A neural circuit that involves both rod and cone cells in the retina and is responsible for colour vision in mice is identified in a paper published in Nature this week. Colour vision is thought to rely on the comparison of signals from colour-sensitive cone cells in the mammalian retina. How this occurs in dim light has been unclear.
Markus Meister and colleagues identify and describe a new type of neuronal circuit in specific cells, known as ganglion cells, in the retina of mice. They show that this cell type has so-called ‘opponent’ responses to light of different wavelengths, enabling both rods and cones to function together and allow colour-detection even in dim moonlight. The authors explore the ecological benefits that the mice might draw from colour vision in these light conditions. They note that mice are indeed active under these luminosity conditions and suggest that this newly identified colour vision circuit may enhance the animals' nocturnal detection of conspecifics’ urine marks, which serve an important function in social communication.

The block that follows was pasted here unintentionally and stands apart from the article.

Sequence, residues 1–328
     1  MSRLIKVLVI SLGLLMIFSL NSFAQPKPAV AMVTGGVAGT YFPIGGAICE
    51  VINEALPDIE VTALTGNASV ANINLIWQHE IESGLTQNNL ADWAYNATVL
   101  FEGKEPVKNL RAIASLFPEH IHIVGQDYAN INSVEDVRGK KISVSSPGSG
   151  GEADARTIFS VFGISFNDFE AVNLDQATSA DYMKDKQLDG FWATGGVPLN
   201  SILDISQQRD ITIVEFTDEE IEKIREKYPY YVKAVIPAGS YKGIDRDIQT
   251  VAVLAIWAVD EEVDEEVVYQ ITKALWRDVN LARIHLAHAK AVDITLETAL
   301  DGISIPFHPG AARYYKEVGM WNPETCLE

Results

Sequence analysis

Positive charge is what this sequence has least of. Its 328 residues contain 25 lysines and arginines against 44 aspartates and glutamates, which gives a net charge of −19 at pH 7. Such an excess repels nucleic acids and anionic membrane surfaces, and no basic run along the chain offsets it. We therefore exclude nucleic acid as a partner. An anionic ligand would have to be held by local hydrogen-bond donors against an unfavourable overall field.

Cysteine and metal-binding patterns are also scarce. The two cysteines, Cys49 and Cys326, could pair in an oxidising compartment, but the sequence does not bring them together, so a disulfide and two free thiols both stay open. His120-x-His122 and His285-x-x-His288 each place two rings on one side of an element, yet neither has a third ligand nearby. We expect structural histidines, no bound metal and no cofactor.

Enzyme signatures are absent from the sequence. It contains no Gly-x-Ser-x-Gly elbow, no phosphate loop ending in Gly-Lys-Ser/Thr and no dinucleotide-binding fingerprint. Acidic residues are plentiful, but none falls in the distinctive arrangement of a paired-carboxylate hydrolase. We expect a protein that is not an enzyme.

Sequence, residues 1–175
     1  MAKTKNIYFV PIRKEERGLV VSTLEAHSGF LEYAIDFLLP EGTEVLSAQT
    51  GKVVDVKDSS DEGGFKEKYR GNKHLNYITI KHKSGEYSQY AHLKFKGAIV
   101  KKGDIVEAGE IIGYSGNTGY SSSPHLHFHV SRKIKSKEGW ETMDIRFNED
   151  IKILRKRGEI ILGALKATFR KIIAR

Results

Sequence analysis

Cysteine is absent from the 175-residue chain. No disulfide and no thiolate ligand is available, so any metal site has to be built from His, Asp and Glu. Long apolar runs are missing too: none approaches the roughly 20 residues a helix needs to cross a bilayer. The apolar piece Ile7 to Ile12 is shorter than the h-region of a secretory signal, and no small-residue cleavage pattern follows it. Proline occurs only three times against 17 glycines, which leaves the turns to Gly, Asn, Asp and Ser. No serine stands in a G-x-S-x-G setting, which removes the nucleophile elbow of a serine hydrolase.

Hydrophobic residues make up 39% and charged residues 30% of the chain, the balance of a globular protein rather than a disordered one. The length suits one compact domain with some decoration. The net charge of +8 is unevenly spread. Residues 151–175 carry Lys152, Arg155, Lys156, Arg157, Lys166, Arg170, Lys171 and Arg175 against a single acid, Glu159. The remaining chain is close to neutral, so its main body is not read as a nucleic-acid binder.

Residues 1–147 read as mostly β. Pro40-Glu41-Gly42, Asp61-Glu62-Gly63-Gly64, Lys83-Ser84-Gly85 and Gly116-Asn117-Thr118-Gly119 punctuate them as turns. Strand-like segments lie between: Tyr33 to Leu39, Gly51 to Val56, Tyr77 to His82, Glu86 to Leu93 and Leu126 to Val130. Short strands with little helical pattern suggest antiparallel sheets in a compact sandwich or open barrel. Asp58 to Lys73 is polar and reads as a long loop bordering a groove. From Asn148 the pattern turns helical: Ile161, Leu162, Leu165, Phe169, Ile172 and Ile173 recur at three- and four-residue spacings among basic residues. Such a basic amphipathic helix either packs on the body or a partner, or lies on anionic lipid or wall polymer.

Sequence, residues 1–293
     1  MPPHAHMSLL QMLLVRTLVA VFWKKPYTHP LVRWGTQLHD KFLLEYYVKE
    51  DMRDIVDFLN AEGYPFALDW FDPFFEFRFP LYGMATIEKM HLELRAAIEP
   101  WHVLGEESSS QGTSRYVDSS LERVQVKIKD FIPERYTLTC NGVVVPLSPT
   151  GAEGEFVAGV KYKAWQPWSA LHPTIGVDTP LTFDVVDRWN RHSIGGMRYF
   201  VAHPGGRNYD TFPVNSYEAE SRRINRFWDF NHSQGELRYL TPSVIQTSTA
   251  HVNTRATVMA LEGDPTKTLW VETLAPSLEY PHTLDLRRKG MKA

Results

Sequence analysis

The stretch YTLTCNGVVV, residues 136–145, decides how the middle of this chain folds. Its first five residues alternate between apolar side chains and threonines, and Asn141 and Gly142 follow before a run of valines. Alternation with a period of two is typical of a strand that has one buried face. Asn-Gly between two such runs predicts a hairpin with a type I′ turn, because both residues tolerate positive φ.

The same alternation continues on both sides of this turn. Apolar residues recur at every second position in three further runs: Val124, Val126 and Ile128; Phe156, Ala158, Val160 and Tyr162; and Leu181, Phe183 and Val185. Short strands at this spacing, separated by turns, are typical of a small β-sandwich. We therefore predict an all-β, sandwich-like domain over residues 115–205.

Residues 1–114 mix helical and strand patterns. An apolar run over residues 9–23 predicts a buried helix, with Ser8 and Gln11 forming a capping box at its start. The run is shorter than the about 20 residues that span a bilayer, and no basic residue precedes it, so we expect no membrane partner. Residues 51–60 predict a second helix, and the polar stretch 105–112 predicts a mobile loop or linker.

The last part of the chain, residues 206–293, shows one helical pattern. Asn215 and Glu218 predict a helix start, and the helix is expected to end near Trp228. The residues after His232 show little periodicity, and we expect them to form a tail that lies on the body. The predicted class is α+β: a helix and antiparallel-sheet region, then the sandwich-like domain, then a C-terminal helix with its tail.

The authors argue that all components necessary for the existence of this circuit are also found in the human retina. Furthermore, this circuit’s presence in the human eye could help explain specific perceptions of colour, such as the tendency to see blue colours (so-called ‘blue shift’) at low illumination levels, for example, during twilight.